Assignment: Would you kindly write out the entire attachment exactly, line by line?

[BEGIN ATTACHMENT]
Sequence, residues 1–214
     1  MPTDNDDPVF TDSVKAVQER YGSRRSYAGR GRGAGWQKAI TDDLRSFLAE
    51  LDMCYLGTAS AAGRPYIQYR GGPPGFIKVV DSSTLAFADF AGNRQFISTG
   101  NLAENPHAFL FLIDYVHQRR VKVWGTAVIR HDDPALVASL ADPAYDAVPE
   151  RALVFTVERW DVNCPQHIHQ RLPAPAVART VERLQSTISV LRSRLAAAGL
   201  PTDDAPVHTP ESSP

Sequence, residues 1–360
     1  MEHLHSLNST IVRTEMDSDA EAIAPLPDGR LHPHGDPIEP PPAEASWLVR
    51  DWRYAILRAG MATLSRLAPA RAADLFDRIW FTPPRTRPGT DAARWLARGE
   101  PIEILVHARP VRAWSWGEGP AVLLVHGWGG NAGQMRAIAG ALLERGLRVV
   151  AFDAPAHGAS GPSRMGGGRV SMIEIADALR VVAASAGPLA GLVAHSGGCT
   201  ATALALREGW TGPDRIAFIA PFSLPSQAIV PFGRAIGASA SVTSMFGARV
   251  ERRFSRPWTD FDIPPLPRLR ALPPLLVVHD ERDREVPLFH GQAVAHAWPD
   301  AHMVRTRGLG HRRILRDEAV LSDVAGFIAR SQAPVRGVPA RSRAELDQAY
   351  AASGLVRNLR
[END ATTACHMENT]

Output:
Sequence, residues 1–214
     1  MPTDNDDPVF TDSVKAVQER YGSRRSYAGR GRGAGWQKAI TDDLRSFLAE
    51  LDMCYLGTAS AAGRPYIQYR GGPPGFIKVV DSSTLAFADF AGNRQFISTG
   101  NLAENPHAFL FLIDYVHQRR VKVWGTAVIR HDDPALVASL ADPAYDAVPE
   151  RALVFTVERW DVNCPQHIHQ RLPAPAVART VERLQSTISV LRSRLAAAGL
   201  PTDDAPVHTP ESSP

Sequence, residues 1–360
     1  MEHLHSLNST IVRTEMDSDA EAIAPLPDGR LHPHGDPIEP PPAEASWLVR
    51  DWRYAILRAG MATLSRLAPA RAADLFDRIW FTPPRTRPGT DAARWLARGE
   101  PIEILVHARP VRAWSWGEGP AVLLVHGWGG NAGQMRAIAG ALLERGLRVV
   151  AFDAPAHGAS GPSRMGGGRV SMIEIADALR VVAASAGPLA GLVAHSGGCT
   201  ATALALREGW TGPDRIAFIA PFSLPSQAIV PFGRAIGASA SVTSMFGARV
   251  ERRFSRPWTD FDIPPLPRLR ALPPLLVVHD ERDREVPLFH GQAVAHAWPD
   301  AHMVRTRGLG HRRILRDEAV LSDVAGFIAR SQAPVRGVPA RSRAELDQAY
   351  AASGLVRNLR